By 1956, Gardner hadn't practiced law for decades, but he still cared about justice and about criminal investigations. Of the Perry Mason books I've ready recently, three are dedicated to pioneers in the field of criminal forensics. In this book the honoree is Dr Walter Camp, an MD/PHD who wrote a ground-breaking text on forensics. He pushed the science of investigation forward and made sure that new techniques were available to law enforcement as soon as possible.
Gardner may have been famous for creating a hard-hitting, push-the-envelope defense lawyer, but he knew that a thorough investigation of a crime benefits the innocent as well as the guilty. This is a good detective story and a good novel.
A businessman named Stewart G. Bedford is being blackmailed by a man named Binney Denham who comes to him with a proposition from his associate named Delbert: Delbert needs twenty thousand dollars to finance a venture of his. He’s promised to pay back the money within six months.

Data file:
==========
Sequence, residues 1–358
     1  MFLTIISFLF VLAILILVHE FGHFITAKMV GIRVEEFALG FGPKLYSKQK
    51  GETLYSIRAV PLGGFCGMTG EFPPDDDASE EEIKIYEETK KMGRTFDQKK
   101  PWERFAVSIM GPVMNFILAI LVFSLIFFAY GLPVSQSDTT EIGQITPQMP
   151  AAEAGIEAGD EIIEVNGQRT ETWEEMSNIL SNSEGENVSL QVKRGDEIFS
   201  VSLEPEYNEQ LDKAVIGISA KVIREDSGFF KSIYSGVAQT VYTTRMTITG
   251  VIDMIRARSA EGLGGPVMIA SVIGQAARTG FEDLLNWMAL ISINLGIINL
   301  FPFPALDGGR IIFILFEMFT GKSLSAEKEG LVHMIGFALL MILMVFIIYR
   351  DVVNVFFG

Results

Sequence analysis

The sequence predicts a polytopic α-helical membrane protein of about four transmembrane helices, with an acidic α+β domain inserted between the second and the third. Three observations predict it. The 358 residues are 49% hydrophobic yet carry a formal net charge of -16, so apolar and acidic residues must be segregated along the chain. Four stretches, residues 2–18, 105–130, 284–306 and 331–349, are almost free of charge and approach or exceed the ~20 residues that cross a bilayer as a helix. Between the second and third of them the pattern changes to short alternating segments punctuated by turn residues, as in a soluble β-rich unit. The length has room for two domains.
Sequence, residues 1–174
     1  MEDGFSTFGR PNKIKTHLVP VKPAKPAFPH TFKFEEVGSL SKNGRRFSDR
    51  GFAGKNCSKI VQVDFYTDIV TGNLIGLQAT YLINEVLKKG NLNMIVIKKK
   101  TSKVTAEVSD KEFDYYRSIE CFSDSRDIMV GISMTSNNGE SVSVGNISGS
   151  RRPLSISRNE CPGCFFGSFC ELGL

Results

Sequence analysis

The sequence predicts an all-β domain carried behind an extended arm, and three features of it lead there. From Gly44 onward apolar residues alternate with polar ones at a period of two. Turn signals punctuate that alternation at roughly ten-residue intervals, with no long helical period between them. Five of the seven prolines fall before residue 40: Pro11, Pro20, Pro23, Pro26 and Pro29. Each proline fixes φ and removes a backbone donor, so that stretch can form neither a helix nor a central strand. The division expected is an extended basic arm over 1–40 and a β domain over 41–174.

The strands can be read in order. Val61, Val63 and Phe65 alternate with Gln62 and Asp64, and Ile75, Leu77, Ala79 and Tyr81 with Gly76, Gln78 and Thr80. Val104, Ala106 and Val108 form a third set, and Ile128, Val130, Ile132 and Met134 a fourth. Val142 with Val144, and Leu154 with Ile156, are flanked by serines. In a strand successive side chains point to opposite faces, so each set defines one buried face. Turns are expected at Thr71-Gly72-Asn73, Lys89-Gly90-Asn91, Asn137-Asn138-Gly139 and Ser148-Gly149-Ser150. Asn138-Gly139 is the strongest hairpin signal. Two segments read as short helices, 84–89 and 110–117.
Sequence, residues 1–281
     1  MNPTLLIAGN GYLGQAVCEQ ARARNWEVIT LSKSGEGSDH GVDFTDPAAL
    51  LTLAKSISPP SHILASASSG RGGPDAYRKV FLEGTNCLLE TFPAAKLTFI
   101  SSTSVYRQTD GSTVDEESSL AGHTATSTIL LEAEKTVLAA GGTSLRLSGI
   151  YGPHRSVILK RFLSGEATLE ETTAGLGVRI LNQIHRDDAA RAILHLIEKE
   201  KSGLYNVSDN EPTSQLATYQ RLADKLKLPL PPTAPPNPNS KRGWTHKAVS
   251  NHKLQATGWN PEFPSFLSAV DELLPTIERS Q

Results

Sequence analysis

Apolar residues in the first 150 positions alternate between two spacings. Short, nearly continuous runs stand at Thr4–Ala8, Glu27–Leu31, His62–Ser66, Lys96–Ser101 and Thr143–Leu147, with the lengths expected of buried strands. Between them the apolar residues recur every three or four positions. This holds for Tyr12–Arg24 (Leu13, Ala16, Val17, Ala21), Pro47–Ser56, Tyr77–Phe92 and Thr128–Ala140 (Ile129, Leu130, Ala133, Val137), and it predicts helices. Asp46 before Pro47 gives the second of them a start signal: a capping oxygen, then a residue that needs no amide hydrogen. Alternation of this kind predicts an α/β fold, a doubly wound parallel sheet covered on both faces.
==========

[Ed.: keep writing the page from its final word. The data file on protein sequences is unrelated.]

But Bedford tells him he has no idea who Delbert is. Then Binney threatens him with his wife's criminal records. He knows little about His wife Ann Roann who’s much younger than he is beside the fact that she’s a victim of an unhappy marriage plus her husband’s suicide.
Then Binney presents a mugshot of his wife and adds that she was arrested for insurance fraud. He then threatens to take the shot to a magazine that would be willing to pay just as much to dig up dirt on her. Binney demands traveler's checks which Bedford pays.